The Adjustment Bureau Review

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Politician David Norris (Matt Damon) meets dancer Elise (Emily Blunt) on election night, forming an instant bond that inspires him to make the speech of his life. Months later, he encounters her again, but mysterious men in hats seem determined to keep them apart.


Once again, a film based on a Philip K. Dick idea bears at most a passing resemblance to its inspiration — but this time it’s because, instead of piling illogic on high concept, Hollywood has transformed his short story into a swoonsome romance. Strangely, that seems to be a better fit. Maybe Dick had a softer centre than we ever knew.

The themes of screenwriter George Nolfi’s first feature film as director will delight philosophers. Does free will exist, or are we travelling along pre-determined paths — and if so, who determines them, and to what extent? Where does chance end and design begin? Can we fight Fate? Luckily for us, Nolfi’s execution will excite everyone else, for this metaphysical love story/thriller manages the very difficult trick of remaining intriguingly intelligent while unfailingly placing entertainment well ahead of explanation.

In other words, the script merrily skips any laboured exposition on exactly who — or what — the ubiquitous shady men in the sharp suits and anachronistic hats are. It positively sprints past any lengthy monologues establishing why they do what they do — and, for that matter, barely lingers on the “what” they’re doing. There’s a suggestion that the Adjusters may be angels, which would certainly explain their Wings Of Desire-esque propensity for standing on rooftops wearing overcoats, and there’s mention of a Chairman with a Plan, but it’s never particularly dissected. All the better, since it’s in establishing the detail that brain-bending thrillers like this tend to fall apart.

Instead, we experience The Adjustment Bureau as does the film’s protagonist David Norris (Matt Damon): as a strange and all-powerful force twisting events to its own ends. That’s not to say that the members of the Bureau are devoid of personality: John Slattery’s Richardson is sardonic and, on some level, grudgingly respectful of Norris; Anthony Mackie’s Harry is openly compassionate; Terence Stamp’s Thompson all business.

This cabal of millinery enthusiasts first attempts to manipulate Norris, and then downright orders him to break off contact with dancer Elise (Emily Blunt). But when pure chance gives him another shot, he very sensibly refuses to give her up. Watching the sparks fly between the charismatic pair, you can hardly blame him; this is one of those pairings where the oft-mentioned but seldom earned Tracy and Hepburn comparisons are merited. Damon plays smart, ambitious, but a little feckless; Blunt is amused, independent and more driven than the usual manic pixie dream girl stereotype that Elise might have become in lesser hands. The dialogue between them fairly crackles, allowing us to overlook the only-in-Hollywood serendipity of their meetings and instant connection.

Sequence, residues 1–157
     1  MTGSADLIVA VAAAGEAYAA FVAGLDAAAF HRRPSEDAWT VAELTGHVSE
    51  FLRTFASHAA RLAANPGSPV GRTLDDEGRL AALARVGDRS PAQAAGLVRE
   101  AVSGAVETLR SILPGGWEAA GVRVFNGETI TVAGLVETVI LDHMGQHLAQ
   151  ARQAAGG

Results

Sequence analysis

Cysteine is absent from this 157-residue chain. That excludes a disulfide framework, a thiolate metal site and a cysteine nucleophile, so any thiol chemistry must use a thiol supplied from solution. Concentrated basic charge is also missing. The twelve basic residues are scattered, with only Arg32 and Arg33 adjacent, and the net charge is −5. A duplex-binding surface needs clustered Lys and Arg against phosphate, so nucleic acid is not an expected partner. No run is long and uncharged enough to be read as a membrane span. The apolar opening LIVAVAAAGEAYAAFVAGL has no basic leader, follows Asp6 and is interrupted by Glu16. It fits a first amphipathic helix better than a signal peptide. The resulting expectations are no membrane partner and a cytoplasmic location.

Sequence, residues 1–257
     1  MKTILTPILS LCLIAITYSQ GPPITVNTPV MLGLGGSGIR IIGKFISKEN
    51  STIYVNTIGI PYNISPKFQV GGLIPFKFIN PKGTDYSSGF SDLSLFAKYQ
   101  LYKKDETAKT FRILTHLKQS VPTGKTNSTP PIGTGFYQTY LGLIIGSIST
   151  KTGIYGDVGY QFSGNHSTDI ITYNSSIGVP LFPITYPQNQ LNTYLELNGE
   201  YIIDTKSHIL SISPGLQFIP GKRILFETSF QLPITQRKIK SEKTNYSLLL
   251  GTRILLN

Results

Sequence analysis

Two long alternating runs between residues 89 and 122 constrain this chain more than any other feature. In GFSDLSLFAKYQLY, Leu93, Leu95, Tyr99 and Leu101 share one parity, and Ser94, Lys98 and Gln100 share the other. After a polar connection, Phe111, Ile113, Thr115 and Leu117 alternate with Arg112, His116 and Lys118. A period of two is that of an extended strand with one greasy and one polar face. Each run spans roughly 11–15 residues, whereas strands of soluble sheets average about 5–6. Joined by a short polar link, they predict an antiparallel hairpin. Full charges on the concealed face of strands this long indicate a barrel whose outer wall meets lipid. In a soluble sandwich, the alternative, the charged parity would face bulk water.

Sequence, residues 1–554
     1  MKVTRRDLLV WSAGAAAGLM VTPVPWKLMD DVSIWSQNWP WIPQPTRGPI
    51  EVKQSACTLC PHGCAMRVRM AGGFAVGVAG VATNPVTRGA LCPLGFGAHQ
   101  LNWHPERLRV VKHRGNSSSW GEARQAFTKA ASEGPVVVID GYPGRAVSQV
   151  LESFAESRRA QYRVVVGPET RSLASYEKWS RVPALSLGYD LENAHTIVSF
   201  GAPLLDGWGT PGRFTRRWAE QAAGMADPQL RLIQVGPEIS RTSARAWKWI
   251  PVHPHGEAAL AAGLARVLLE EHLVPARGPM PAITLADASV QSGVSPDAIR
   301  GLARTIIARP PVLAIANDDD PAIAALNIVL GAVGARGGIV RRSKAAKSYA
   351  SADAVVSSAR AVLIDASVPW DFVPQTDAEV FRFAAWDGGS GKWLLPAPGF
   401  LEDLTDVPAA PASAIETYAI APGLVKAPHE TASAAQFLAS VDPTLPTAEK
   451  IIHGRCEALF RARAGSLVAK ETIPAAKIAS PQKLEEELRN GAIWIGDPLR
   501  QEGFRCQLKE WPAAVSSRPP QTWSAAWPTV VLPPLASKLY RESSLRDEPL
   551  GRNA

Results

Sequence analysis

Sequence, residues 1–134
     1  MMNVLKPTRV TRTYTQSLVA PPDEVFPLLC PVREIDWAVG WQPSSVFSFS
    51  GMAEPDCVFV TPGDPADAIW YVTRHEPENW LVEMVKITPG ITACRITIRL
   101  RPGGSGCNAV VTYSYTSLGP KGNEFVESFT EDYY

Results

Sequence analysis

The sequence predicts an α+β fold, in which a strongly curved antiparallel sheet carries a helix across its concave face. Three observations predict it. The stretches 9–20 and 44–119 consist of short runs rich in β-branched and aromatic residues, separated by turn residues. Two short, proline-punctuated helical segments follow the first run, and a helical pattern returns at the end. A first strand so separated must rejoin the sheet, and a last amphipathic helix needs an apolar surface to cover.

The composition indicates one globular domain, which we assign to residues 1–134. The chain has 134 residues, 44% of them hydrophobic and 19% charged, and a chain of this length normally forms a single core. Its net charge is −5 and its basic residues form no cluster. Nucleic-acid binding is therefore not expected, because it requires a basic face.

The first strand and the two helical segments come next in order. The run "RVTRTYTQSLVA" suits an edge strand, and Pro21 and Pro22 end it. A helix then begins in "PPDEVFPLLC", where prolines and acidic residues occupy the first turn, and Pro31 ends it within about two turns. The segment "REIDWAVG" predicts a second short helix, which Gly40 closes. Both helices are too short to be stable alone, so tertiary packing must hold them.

It’s their intense link that keeps the pace fast and frantic as the difficulties pile on, the film gradually accelerating into a mad dash for the finish line that uses a few simple but remarkably effective special effects to keep you whizzing along with it. Nolfi saves his budget for where it matters; perhaps learning from his writing work on Bourne that knowing where to cut can be just as effective as blowing everything in sight sky-high. Even more miraculously, despite the fact that that’s Matt Damon powering down the street, this never feels like a Bourne wannabe in its action scenes. It’s a testament to how expertly the film builds to its conclusion that only days later do you realise this finale is basically that hoariest of rom-com clichés, the run for love. Maybe that’s because, with all the forces of the universe arrayed against them, you feel that these two actually deserve to make it.

It’s Inception for romantics, a love story told through the medium of science-fiction — or maybe not; it’s hard to peg this by genre. By keeping the pace quick, the explanation light and the characters strong, Nolfi achieves the near-impossible: a film pu